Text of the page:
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Saving Capitalism From The Capitalists: How Open Financial Markets Challenge the Establishment and Spread Prosperity to Rich and Poor Alike
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Saving Capitalism From The Capitalists: How Open Financial Markets Challenge the Establishment and Spread Prosperity to Rich and Poor Alike

4.14  ·  Rating Details ·  258 Ratings  ·  24 Reviews
What is the secret of prosperity? Why are the rich rich and the poor poor? The answer lies in the structure of financial markets and the willingness to allow the capitalist system to let "creative destruction" work its wealth-creating wonders. Financial markets are the least understood and most highly criticized part of the capitalist system. The greed of participants invo ...more
Hardcover, 384 pages
Published April 3rd 2003 by Random House Business (first published January 1st 2003)
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Matthew
Jul 08, 2012 Matthew rated it really liked it
Even though this book is almost a decade old, its description of the state of the economy is a reflection of what is happening today. It's interesting how many economic books from years past still remain relevant. Do we not learn from our mistakes? Unfortunately, the book ends on a pessimistic note. As if the authors do not believe that their policy prescriptions will ever become reality. Their basic argument is that free markets do not benefit anyone, since at any point someone could be the los ...more
Paul
May 05, 2012 Paul rated it really liked it  ·  review of another edition

This book, written by two heavyweight University of Chicago financial economists, was published during our last financial market “crisis” in 2003. This was the time of the post internet equity bear market, the time of the Enron, Worldcom and Global Crossing scandals. The thesis is that free markets, for all their benefits particularly to the poor and powerless, rest on precarious political grounds. The impulse of elites to curtail the functioning of markets is strong and always a threat, particu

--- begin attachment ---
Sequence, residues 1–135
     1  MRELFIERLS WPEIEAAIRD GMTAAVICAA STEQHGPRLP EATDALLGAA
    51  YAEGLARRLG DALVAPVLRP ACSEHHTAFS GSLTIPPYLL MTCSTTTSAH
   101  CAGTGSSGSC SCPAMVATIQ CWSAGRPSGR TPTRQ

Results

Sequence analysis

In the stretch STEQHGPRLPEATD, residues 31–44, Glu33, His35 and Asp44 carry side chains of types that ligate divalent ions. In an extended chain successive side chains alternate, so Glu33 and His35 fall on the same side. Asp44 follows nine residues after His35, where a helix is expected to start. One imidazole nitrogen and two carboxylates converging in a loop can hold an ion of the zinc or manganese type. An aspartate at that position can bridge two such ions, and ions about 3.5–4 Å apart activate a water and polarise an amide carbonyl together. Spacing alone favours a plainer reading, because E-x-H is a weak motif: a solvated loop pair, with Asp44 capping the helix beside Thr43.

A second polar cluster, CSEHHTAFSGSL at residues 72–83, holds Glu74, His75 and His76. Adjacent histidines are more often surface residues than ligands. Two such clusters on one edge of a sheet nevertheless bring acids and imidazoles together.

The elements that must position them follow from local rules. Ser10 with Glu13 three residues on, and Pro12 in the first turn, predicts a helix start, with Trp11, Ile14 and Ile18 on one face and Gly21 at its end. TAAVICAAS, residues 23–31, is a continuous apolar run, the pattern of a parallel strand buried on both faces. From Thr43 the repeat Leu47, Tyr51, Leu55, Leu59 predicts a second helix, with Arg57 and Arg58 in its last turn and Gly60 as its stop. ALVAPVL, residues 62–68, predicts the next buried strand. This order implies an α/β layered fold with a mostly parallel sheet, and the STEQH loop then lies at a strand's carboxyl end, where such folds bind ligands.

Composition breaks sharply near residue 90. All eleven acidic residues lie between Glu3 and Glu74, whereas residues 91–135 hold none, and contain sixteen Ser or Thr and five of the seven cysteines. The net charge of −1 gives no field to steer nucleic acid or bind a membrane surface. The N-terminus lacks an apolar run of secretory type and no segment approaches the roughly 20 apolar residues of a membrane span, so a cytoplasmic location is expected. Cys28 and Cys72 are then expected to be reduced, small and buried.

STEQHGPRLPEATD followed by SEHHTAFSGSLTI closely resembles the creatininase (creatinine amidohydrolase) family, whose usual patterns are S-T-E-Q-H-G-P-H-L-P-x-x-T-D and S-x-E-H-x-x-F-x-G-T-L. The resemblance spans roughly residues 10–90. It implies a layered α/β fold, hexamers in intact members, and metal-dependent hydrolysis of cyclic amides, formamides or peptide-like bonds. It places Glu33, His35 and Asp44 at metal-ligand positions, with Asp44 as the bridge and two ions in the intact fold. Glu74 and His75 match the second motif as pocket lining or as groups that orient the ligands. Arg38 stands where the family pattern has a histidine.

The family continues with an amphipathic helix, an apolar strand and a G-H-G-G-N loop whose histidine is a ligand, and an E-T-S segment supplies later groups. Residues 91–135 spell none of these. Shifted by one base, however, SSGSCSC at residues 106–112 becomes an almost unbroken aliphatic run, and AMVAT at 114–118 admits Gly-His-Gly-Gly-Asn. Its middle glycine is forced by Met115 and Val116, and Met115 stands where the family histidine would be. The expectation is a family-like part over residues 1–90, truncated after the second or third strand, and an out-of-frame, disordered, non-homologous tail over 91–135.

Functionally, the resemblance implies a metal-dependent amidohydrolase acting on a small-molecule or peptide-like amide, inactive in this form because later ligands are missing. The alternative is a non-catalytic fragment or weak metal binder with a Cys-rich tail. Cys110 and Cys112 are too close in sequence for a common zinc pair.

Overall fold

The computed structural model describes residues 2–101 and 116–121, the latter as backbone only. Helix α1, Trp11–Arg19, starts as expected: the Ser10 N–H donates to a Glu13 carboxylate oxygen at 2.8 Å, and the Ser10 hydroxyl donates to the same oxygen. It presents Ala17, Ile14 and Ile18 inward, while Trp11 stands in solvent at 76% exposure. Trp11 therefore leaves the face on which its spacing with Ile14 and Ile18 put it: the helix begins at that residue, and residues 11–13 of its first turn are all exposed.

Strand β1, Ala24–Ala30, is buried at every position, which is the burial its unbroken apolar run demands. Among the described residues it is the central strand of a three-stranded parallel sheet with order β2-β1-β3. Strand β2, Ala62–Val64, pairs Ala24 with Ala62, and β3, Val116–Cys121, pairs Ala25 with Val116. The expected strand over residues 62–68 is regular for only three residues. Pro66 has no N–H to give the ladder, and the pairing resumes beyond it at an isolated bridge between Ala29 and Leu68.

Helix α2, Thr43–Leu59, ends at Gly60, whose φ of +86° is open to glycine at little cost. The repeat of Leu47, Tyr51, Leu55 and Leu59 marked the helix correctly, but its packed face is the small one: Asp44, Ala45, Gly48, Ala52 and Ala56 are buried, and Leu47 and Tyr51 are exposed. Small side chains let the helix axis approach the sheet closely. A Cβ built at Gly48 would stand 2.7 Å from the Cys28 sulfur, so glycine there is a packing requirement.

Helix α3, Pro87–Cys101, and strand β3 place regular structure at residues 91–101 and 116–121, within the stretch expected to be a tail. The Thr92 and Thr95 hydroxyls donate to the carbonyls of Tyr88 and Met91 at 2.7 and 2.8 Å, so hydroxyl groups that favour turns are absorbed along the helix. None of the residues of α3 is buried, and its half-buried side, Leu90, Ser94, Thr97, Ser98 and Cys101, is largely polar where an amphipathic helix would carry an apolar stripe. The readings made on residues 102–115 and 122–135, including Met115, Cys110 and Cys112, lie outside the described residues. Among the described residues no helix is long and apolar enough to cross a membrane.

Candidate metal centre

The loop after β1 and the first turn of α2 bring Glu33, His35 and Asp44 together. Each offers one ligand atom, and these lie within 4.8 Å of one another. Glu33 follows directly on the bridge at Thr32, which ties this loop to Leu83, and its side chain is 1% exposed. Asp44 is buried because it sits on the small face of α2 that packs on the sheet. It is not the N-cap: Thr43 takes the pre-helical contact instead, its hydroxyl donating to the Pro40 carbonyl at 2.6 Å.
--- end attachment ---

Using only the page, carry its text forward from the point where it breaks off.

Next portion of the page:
...more
Sundarraj Kaushik
Jan 16, 2017 Sundarraj Kaushik rated it really liked it  ·  review of another edition
A very nice book by Raghuram Rajan and Luigi Zingales. The book covers how it is important to have free market for any country to flourish, while at the same time it requires a mature, kind government which ensures that the market is truly free.

The key argument is that in most countries what may appear to be a free market may not really be a free market. The big companies acquire so much power that they influence the government to pass rules which ensures their continued dominance. They ensure t
...more
Space Time
Jan 09, 2017 Space Time rated it liked it
I liked Fault Lines better but this too highlights the problem
Matthias
"I mercati non sono perfetti, né lo sono le sovrastrutture che li dirigono".

Estremamente denso, è impressionante per la sua capacità sia di descrivere nel dettaglio alcuni complessi processi finanziari (che rappresentano il "core" del libro), sia di racchiuderli tra una prima e (soprattutto) un'ultima parte che puntano invece ad una "big picture" fotografata talmente da lontano da dare quella preziosa sensazione dell' "aprire gli occhi" su come funziona il mondo (nello specifico, sul conflitto t